Sunday, March 29, 2009

The Hunting Modes of a Wolf Spider

Taking a break from stalking prey amid the jungle of leaf litter in my front yard, this spider sprinted across my patio last Monday night. I managed to drop my compass next to him (the edge of which has a two inch ruler) and approximate his Cephalothorax-to-spinneret length at about 7/8 of an inch.






My best guess is Lycosa gulosa, though I’m somewhat doubtful due to the size of this beast… (If anyone else has an alternative ID be sure to let me know.)

Wolf Spiders are ferocious predators, and in captivity have been shown to scavenge as well as hunt. They hunt mostly by cruising; moving slowly and deliberately through high prey areas, taking precaution as to not raise the notice of local cockroaches, moths and other quarry. They also occasionally practice an ambush mode of hunting during which they remain motionless – or even actively conceal themselves – waiting for unwary meals to stumble on them.

The cruising and ambush styles of hunting have evolved specifically as counters to the sensory systems of prey species – to either avoid detection while on approach, or, to completely overwhelm the capabilities of the prey’s sense organs. As detailed in a recent article by Jérôme Casas, Thomas Steinmann and Olivier Dangles, “crickets, cockroaches and other orthropteroid insects are equipped with air-flow sensors (filiform hairs) at the rear end of their abdomen. They possess many short hairs, serving as acceleration sensors, and fewer long hairs (velocity sensors) on their cerci. These mechanosensors are among the most sensitive sensors in the animal kingdom, with action potentials triggered by less than one tenth the energy of a photon; indeed, the orthropteroid escape system, and in particular fluid flow sensing using filiform hairs, has maintained textbook-example status over many years. Thus, we hypothesised that spiders use the two different hunting strategies to cope with optimal air-flow detection by crickets.”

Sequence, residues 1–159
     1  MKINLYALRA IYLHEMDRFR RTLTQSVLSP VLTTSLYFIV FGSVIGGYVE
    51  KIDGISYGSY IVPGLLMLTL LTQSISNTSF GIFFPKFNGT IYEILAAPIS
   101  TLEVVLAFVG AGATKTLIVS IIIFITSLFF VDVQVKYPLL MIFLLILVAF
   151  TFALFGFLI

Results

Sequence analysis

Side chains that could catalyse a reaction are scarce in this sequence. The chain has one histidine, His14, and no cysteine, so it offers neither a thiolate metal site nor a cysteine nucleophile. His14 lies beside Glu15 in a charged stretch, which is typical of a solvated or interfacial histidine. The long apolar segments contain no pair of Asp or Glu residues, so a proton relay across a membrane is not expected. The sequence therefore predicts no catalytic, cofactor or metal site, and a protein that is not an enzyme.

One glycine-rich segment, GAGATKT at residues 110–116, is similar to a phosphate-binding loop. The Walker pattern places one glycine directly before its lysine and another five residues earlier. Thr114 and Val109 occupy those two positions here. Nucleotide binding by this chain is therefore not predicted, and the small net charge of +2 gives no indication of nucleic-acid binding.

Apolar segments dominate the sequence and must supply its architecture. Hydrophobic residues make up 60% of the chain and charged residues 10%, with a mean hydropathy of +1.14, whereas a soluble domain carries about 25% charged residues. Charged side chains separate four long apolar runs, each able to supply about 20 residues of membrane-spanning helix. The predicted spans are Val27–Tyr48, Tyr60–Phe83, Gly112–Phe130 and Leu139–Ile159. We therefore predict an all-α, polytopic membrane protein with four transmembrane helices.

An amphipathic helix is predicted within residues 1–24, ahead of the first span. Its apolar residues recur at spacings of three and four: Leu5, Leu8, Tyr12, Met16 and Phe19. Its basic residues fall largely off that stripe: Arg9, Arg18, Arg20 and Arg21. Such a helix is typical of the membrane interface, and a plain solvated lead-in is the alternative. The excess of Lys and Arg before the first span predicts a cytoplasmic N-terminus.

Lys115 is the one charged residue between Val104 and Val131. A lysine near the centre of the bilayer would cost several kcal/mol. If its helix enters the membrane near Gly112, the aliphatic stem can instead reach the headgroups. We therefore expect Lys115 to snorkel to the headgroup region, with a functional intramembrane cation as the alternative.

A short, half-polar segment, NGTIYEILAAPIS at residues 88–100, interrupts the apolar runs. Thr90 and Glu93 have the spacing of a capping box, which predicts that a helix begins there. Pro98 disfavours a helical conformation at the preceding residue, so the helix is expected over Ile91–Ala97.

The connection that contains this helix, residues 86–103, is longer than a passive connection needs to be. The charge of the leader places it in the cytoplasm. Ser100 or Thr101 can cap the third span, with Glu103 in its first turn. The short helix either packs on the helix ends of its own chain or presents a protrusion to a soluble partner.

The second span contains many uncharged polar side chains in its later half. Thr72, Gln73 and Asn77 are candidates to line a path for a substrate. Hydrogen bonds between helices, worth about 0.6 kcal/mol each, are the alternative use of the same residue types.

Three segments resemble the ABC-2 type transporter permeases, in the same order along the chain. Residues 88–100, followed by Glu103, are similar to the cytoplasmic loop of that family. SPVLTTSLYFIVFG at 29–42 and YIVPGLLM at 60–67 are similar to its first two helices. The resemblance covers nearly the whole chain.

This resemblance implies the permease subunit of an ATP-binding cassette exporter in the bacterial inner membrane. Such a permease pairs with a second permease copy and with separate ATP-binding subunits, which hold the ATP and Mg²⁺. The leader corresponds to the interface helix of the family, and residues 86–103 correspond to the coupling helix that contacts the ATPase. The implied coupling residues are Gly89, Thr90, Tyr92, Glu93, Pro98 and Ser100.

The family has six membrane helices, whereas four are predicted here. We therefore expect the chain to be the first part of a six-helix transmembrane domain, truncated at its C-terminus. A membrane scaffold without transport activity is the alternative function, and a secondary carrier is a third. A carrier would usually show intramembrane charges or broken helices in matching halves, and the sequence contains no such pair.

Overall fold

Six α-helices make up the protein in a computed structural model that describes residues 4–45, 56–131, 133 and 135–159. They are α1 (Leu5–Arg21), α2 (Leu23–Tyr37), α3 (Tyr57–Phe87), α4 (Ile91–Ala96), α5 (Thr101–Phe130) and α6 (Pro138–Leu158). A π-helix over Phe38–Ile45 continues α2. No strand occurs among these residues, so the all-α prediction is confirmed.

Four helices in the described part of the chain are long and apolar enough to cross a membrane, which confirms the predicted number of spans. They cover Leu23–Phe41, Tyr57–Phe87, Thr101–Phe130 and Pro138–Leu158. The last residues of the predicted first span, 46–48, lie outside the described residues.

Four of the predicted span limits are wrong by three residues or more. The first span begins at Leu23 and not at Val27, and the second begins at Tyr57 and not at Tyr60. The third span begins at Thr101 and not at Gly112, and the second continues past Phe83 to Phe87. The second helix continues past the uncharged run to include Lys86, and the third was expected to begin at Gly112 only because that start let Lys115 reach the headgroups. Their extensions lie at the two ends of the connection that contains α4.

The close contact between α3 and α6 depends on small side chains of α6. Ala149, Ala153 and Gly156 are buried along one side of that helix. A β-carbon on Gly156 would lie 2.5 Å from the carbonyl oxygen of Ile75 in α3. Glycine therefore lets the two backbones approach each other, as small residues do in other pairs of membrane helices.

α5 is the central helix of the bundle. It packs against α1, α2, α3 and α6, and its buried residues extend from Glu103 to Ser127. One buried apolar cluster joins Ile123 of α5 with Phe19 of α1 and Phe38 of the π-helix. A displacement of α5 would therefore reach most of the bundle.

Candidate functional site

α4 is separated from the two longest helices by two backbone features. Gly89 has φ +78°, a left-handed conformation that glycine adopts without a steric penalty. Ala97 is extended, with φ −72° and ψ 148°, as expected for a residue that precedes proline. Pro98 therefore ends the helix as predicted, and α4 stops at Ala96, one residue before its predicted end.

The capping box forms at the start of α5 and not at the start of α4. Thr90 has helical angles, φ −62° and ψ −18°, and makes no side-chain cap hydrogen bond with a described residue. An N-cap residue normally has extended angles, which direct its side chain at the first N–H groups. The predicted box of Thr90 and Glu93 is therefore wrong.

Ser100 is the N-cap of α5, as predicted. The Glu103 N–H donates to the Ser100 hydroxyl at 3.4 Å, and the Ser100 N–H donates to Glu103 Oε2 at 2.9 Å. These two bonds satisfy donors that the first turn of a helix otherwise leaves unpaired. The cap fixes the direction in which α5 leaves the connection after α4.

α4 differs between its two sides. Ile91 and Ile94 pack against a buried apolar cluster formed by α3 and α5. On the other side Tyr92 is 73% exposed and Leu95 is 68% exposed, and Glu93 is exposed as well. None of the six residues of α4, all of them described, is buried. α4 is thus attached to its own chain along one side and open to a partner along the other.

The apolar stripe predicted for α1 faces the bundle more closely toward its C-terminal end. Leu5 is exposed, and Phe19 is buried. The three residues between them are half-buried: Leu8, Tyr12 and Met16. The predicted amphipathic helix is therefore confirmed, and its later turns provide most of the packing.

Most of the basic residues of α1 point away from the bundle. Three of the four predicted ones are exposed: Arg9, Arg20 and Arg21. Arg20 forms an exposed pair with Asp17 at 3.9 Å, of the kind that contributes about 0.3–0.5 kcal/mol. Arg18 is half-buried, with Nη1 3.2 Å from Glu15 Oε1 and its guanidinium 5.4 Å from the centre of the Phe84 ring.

If you have an interest in spiders, or arthropods at all, check out The Aerodynamic Signature of Running Spiders to see the results of using Digital particle image velocity (DPIV) measurements of a running spider in an air tunnel to estimate prey response…



Casas, J., Steinmann, T., & Dangles, O. (2008). The Aerodynamic Signature of Running Spiders PLoS ONE, 3 (5) DOI: 10.1371/journal.pone.0002116

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